Maryland Attorney General Stephen H. Sachs turned up the volume today on his demand for a series of debates with his Democratic gubernatorial rival by offering a total of $5,000 to organizations that can successfully sponsor debates between him and Baltimore Mayor William Donald Schaefer.
At a well-orchestrated news conference here that featured an oversize facsimile of a $1,000 check, Sachs announced that a wealthy Montgomery County supporter had agreed to give $1,000 to the first group that can organize a debate in each of the five months preceding the Sept. 9 Democratic primary.
Sachs, who had previously accused Schaefer of ducking more than 20 chances to appear with him on a podium, cheerfully conceded that today's gambit was "an effort to highlight this very important issue" two days after the mayor formally announced his candidacy.
Although Schaefer has not ruled out a debate with Sachs, he has repeatedly questioned the usefulness of such joint appearances, maintaining that debates are staged largely for the benefit of the media and that they would do little to educate voters who are already well aware of his public record.
Sachs accused Schaefer today of adopting an "imperious posture in which he presents himself as already having been elected, in which he presents himself as someone on his way to a coronation, in which he disdains public opinion." The mayor, added Sachs, is "basically saying . . . 'I'm better than the candidates for every other office in Maryland.' "
Sachs was joined at his news conference by Aris Mardirossian, an Armenian immigrant and Montgomery County businessman who put up the $5,000 for what Sachs called "finders' fees."
"Every citizen of the state of Maryland has a right to know the differences on the issues between Steve Sachs and Don Schaefer," said Mardirossian. "I'd love to get something together to hear what Mayor Schaefer stands for. That's why I'm offering this."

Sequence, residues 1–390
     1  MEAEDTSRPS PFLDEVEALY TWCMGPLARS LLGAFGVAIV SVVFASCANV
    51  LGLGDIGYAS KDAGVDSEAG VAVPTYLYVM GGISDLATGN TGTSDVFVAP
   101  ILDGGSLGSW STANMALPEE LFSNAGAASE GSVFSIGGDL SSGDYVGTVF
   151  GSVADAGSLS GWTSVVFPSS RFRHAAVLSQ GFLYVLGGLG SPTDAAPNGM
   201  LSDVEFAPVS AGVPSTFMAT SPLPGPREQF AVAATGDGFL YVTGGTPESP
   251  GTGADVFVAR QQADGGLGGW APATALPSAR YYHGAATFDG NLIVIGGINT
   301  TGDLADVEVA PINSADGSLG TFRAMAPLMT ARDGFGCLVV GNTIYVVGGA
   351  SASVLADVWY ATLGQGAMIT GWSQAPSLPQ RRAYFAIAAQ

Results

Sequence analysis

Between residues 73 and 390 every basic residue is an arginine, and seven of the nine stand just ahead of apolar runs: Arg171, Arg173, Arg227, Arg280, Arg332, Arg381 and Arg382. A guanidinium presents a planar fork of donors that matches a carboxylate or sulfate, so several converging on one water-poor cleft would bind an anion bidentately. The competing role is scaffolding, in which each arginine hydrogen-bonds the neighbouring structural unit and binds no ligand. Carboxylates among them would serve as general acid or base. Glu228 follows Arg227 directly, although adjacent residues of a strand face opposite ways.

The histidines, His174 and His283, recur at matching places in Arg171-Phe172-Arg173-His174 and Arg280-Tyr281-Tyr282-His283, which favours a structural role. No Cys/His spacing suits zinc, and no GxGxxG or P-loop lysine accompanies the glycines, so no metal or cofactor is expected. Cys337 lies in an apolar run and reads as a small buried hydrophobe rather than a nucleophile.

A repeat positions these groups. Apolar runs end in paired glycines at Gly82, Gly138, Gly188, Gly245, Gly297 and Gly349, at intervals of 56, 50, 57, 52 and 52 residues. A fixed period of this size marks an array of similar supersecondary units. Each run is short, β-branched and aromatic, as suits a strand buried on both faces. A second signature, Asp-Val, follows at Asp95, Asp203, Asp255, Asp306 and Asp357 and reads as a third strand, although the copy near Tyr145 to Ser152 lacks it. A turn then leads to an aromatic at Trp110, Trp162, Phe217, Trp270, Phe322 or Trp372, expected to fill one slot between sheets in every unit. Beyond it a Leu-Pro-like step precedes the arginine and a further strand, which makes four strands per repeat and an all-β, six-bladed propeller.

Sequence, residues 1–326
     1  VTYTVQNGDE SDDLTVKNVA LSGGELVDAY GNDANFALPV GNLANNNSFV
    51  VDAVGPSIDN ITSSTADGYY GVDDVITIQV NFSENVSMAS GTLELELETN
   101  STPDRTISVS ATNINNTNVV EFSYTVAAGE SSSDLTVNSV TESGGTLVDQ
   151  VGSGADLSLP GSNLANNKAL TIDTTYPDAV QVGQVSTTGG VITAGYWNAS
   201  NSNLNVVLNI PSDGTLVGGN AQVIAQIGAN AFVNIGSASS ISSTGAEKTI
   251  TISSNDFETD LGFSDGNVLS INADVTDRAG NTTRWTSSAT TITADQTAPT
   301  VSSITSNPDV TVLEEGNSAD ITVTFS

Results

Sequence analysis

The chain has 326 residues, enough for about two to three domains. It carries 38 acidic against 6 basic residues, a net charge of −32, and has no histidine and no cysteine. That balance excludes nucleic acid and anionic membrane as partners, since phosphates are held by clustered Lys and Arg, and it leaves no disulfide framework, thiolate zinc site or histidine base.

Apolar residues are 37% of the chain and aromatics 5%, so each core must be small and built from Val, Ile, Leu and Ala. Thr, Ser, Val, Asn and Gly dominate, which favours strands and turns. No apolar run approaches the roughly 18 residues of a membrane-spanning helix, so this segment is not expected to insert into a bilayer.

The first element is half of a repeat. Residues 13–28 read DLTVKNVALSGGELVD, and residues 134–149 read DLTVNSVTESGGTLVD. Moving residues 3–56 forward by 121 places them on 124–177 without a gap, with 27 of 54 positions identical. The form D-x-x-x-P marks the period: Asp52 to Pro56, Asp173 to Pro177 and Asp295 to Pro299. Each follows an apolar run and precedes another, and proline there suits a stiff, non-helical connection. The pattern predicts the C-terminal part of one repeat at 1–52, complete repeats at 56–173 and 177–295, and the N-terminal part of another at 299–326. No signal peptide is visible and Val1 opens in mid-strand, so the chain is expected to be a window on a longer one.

Schaefer, who could not be reached by The Washington Post, told WBAL radio that the offer from Sachs and Mardirossian was a "cheap political trick" and suggested that if Mardirossian was really interested in contributing to charity he should donate the $5,000 with no strings attached.
Mark Wasserman, Schaefer's campaign manager, called the Sachs announcement "shabby political stunt making."
Sachs, feigning surprise at Schaefer's reaction, contended he was only "borrowing a page from the mayor's book -- this is privatization. The mayor's made his reputation by finding funds in the private sector and I would think he'd be very admiring of this."
According to ground rules set up by the Sachs campaign, an organization can claim the prize only if it is located in Maryland, delivers a written acceptance from Schaefer to Sachs headquarters and successfully holds a debate of at least an hour to which the press is invited and which involves candidates responding to each other. News organizations are not eligible.